To be honest though it's a nice change to even hear anything back from somebody at all. I've sent articles off to magazines months ago and not heard a thing back from them. I'm still waiting to hear anything at all back from the publisher in India that I had sent off a chapter and a query letter to somewhere back in February.

Of course that's nothing compared to what it was like when I was acting. You never heard back from anybody unless you got the part. It could be down to you and one other person for a role in a film or a play and you'd only find out you weren't cast when the play opened or the film was in the theatres.

Supposedly having an agent made a difference, but I never noticed. I've had casting directors rave over me and say I was perfect for the part, never hear anything back from them and then when I'd see the actor that had ended up being cast in the role he was as opposite from me as possible without being another species.

So, all in all, as rejections go this wasn't so bad; in fact it doesn't even feel like a rejection in some ways. I didn't have much hope of this publisher signing me to a book contract. I'm a new author with no real publishing record, and they are a new publisher. They are going to want to play it somewhat safe in regards to who they take on as a client, I would think.

Aside from the fact that I wasn't previously published another strike against me was the fact that my book's genre is so nebulous. There is nowhere near enough magic or other fantastical elements for it to be considered fantasy, but neither can it be considered straight historical fiction. I didn't have any sex or nude scenes either, mainly for the reason that only two characters fit that bill and it wasn't culturally appropriate for them or their situation.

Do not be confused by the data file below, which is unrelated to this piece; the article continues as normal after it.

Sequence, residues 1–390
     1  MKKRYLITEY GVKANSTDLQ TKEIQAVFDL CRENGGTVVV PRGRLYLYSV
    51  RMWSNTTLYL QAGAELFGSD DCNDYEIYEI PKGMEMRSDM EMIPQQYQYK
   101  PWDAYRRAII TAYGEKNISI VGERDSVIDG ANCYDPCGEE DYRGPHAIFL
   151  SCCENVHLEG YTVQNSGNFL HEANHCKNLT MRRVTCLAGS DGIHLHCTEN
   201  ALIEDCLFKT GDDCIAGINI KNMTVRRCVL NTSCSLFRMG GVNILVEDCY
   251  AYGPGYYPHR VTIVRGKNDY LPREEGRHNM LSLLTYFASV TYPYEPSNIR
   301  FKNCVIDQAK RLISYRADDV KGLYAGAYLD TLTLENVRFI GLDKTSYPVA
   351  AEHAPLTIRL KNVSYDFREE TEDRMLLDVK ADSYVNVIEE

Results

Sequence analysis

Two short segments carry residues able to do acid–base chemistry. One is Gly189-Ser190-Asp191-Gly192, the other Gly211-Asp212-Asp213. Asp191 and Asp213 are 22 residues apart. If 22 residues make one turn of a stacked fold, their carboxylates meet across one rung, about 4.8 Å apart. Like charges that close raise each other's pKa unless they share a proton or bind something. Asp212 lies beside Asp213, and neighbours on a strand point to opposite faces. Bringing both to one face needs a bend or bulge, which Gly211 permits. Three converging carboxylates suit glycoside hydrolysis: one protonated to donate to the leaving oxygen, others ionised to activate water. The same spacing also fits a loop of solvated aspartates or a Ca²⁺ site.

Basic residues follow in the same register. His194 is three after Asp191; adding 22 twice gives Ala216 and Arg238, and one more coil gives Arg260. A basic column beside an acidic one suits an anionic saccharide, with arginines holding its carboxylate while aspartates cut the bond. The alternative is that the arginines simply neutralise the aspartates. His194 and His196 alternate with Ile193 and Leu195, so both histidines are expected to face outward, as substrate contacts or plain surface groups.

The subject matter itself might have been problematic: how well is a book dealing with events based on the reconquest of Spain where the Muslims, Jews, and Gypsies who live in the territories are painted as victims of Christian aggression going to go over on the mass market these days? The words lead and balloon may have been floating through the publisher's brains, as well as large zeros in terms of sales in the all-important American market.

The only reason I even held out an iota of hope for this company taking a flyer on the book was the fact that they had requested more chapters. I had sent them the usual first chapter plus query letter and was preparing to wait a few months before I heard anything back from them. So when Jamie the janitor (or maybe editor as he claimed) wrote back a week later asking for chapters two, three, and penultimate, I had a brief vision of one of those fluky "first shot hitting the bull's eye" experiences that only happen to other people.

I had images of my pages being passed around from editor to editor, being discussed in publishing meetings, and eventually my editor (I was thinking of him as my editor in those fantasy moments) taking them to the publisher and arguing the case for printing my book. Thankfully, I know some saner heads who were able to bring me down to earth by telling stories of publishers asking for the whole manuscript and then never getting back to them. Or others discussing potential edits and revisions, and afterwards express amazement that the author had gone to all that trouble when they weren't interested in the work.